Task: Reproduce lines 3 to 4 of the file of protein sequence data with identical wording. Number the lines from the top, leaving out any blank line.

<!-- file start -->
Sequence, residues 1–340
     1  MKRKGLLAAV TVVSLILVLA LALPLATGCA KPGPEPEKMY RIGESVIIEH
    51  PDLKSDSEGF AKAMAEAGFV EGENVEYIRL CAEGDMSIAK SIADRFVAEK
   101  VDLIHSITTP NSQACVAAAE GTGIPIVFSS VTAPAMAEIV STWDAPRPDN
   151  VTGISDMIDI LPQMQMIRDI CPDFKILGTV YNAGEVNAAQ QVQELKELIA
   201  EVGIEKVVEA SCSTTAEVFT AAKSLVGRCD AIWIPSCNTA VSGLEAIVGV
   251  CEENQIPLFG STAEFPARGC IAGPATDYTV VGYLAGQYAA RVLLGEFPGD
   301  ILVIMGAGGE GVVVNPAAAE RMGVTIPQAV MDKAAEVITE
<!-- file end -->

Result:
    51  PDLKSDSEGF AKAMAEAGFV EGENVEYIRL CAEGDMSIAK SIADRFVAEK
   101  VDLIHSITTP NSQACVAAAE GTGIPIVFSS VTAPAMAEIV STWDAPRPDN